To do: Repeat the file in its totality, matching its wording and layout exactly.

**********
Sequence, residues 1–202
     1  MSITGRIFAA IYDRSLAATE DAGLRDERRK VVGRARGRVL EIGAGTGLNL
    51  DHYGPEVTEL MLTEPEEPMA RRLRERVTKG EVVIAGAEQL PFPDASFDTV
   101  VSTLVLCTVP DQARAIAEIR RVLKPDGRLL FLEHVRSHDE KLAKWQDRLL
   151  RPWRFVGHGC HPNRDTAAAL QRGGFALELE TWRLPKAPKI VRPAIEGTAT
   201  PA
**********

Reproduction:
Sequence, residues 1–202
     1  MSITGRIFAA IYDRSLAATE DAGLRDERRK VVGRARGRVL EIGAGTGLNL
    51  DHYGPEVTEL MLTEPEEPMA RRLRERVTKG EVVIAGAEQL PFPDASFDTV
   101  VSTLVLCTVP DQARAIAEIR RVLKPDGRLL FLEHVRSHDE KLAKWQDRLL
   151  RPWRFVGHGC HPNRDTAAAL QRGGFALELE TWRLPKAPKI VRPAIEGTAT
   201  PA